Two Republican senators at the center of an overnight Senate floor fracas that resulted in Democrat Elizabeth Warren being benched are defending their handling of the situation, with one describing the disruption as practically unprecedented.
“We've never had quite the exhibition that we had last night,” Senate President Pro Tempore Orrin Hatch, R-Utah, who has been a senator since the mid-1970s, told Fox News on Wednesday.
Hatch and Sen. Steve Daines, R-Mont., gave Fox News a behind-the-scenes account, from their side, of what transpired Tuesday night when Warren, D-Mass., was stripped of her floor-speaking privileges for insulting attorney general nominee Jeff Sessions.
“I didn’t go in looking for a fight,” Daines said.
But as Daines listened to Warren argue against Sen. Sessions’ nomination during his hour-and-a-half-long shift presiding over the Senate, he heard language he felt ran aground of Rule 19 -- a rarely enforced rule in place to keep speeches civil.
“Words like ‘shameful,’ ‘disgrace,’ these are words here that should not be used to describe a fellow senator,” Daines said.
So Daines warned Warren. But she continued.
Minutes later, Majority Leader Mitch McConnell, R-Ky., objected to Warren’s language, specifically complaining about a quote she used regarding a decades-old letter written by Coretta Scott King, when King was lobbying against Sessions becoming a federal judge. The letter claimed Sessions used the power of his office to “chill” voting by black citizens.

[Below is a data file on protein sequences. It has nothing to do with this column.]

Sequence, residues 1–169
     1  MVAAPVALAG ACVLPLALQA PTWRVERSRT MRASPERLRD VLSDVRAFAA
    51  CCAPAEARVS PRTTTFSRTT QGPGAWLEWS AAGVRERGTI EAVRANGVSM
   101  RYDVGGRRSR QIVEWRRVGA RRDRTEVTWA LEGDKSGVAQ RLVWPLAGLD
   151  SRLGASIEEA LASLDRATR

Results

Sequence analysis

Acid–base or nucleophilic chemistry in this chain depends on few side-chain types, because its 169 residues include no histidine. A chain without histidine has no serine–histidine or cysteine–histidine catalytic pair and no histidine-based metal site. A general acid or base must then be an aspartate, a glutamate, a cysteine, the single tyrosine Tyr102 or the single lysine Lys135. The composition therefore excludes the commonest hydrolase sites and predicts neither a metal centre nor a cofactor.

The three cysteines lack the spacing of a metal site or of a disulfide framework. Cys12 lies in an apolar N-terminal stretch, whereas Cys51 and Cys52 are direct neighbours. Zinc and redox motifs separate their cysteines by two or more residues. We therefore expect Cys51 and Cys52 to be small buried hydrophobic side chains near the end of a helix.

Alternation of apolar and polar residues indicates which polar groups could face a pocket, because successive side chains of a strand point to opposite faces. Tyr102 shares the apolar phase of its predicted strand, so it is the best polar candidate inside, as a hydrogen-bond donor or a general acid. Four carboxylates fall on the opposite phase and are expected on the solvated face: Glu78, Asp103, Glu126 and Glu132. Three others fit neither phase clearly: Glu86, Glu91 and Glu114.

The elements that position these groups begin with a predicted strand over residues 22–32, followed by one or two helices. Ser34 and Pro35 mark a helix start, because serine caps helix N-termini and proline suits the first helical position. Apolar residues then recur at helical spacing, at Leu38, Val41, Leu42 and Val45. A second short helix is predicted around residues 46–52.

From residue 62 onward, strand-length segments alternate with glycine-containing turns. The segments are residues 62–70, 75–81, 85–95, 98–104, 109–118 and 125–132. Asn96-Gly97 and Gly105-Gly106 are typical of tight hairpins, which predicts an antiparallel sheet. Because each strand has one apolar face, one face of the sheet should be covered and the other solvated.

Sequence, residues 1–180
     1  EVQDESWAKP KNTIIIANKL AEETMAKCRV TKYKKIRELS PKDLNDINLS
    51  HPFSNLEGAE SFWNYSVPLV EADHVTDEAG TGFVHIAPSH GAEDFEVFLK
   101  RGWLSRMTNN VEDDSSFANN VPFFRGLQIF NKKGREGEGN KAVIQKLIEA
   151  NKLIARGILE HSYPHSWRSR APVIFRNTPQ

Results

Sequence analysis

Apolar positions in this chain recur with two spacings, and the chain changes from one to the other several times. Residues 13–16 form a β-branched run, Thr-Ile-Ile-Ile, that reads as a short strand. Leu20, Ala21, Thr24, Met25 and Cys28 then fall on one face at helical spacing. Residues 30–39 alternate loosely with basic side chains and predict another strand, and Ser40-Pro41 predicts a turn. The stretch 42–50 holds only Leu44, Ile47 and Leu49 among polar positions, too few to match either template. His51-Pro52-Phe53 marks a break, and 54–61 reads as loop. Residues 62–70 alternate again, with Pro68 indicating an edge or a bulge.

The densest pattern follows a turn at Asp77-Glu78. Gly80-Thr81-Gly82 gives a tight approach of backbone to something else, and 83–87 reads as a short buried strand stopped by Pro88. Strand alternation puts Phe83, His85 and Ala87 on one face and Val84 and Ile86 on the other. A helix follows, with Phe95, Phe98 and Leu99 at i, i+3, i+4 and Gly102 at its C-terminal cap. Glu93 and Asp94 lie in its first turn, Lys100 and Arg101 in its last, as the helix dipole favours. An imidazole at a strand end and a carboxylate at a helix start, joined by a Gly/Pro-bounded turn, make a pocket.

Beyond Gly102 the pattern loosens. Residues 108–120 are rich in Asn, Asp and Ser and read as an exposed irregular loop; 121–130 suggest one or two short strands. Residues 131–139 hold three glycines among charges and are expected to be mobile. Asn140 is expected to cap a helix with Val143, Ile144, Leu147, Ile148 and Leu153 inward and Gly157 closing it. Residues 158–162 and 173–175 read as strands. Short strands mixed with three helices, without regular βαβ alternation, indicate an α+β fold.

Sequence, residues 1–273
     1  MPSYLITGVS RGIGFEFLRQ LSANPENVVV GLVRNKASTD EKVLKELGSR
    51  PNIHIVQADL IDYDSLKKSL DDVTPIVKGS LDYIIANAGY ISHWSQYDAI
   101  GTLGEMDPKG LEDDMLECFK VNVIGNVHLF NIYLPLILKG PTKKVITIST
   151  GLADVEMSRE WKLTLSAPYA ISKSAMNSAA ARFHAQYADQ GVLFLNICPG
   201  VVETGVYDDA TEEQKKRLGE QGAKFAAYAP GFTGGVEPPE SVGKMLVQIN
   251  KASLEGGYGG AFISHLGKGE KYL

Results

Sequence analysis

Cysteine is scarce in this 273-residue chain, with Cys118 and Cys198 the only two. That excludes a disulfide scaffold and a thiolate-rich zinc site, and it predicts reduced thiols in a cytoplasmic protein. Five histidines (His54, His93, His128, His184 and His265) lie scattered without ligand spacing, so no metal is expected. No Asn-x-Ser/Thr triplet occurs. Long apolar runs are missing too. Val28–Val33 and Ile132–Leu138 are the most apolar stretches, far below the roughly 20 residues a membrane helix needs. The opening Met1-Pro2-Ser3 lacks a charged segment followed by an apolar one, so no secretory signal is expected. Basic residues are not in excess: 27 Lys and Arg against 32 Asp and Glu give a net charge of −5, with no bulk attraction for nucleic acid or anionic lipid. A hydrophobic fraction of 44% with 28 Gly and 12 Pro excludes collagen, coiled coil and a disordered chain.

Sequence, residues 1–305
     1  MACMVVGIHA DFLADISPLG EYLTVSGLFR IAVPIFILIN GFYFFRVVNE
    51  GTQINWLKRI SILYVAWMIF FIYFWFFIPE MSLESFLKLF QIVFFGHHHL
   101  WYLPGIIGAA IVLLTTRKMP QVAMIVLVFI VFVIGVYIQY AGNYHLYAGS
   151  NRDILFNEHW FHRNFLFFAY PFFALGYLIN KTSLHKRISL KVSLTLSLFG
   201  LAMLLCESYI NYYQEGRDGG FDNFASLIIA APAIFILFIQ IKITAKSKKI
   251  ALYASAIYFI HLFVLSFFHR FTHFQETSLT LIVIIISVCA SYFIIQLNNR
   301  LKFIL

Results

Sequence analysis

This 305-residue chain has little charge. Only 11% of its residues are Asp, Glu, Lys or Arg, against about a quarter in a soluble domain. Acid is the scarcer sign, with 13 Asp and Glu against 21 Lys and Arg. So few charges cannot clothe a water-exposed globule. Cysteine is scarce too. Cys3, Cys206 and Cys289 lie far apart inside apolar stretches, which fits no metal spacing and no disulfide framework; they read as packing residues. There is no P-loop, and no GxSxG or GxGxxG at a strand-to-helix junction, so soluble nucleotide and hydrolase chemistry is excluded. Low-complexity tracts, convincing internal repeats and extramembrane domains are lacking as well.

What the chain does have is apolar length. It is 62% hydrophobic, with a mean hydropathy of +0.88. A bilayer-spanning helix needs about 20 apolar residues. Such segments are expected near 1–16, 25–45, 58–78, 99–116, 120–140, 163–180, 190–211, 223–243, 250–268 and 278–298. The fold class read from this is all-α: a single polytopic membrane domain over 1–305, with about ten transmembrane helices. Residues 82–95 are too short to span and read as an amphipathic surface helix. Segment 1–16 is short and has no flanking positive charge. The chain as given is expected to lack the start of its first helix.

The Senate later voted 49-43 to keep Warren sidelined for the remainder of debate on the Sessions nomination, expected to run through Wednesday night.
In the wake of the reprimand, Warren has rallied support from fellow Democrats, including 2016 presidential nominee Hillary Clinton. Warren told Fox News she thinks Republicans were objecting to something Mrs. King wrote, and not the tone she was using.
“This is about Coretta Scott King’s letter and that’s all this is about,” Warren said near an elevator just off the Russell Rotunda on the Capitol complex.
Minority Leader Chuck Schumer, D-N.Y., says his colleague from Massachusetts was singled out, declaring Wednesday: “It was the most selective enforcement of a rarely used procedure to interrupt her, to silence her.”
Hatch argued recent Democratic behavior is driven by continued frustration with the November election results.
“They hate Trump—and I think that’s a fair word because you ought to hear them behind the scenes,” he said. “And they’re not going to be of any assistance to this president.”